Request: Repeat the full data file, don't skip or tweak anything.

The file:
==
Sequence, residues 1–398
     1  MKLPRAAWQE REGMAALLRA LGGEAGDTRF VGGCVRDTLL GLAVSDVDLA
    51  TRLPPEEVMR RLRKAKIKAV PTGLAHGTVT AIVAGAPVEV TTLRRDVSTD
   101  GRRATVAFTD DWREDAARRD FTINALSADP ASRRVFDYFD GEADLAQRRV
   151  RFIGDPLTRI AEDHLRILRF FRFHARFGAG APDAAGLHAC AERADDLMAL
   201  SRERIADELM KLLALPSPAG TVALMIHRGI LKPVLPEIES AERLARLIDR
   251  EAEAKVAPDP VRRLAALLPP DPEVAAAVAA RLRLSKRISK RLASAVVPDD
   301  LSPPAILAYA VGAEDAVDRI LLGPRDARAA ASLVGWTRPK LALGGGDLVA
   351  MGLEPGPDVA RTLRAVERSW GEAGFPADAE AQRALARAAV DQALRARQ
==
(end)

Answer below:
Sequence, residues 1–398
     1  MKLPRAAWQE REGMAALLRA LGGEAGDTRF VGGCVRDTLL GLAVSDVDLA
    51  TRLPPEEVMR RLRKAKIKAV PTGLAHGTVT AIVAGAPVEV TTLRRDVSTD
   101  GRRATVAFTD DWREDAARRD FTINALSADP ASRRVFDYFD GEADLAQRRV
   151  RFIGDPLTRI AEDHLRILRF FRFHARFGAG APDAAGLHAC AERADDLMAL
   201  SRERIADELM KLLALPSPAG TVALMIHRGI LKPVLPEIES AERLARLIDR
   251  EAEAKVAPDP VRRLAALLPP DPEVAAAVAA RLRLSKRISK RLASAVVPDD
   301  LSPPAILAYA VGAEDAVDRI LLGPRDARAA ASLVGWTRPK LALGGGDLVA
   351  MGLEPGPDVA RTLRAVERSW GEAGFPADAE AQRALARAAV DQALRARQ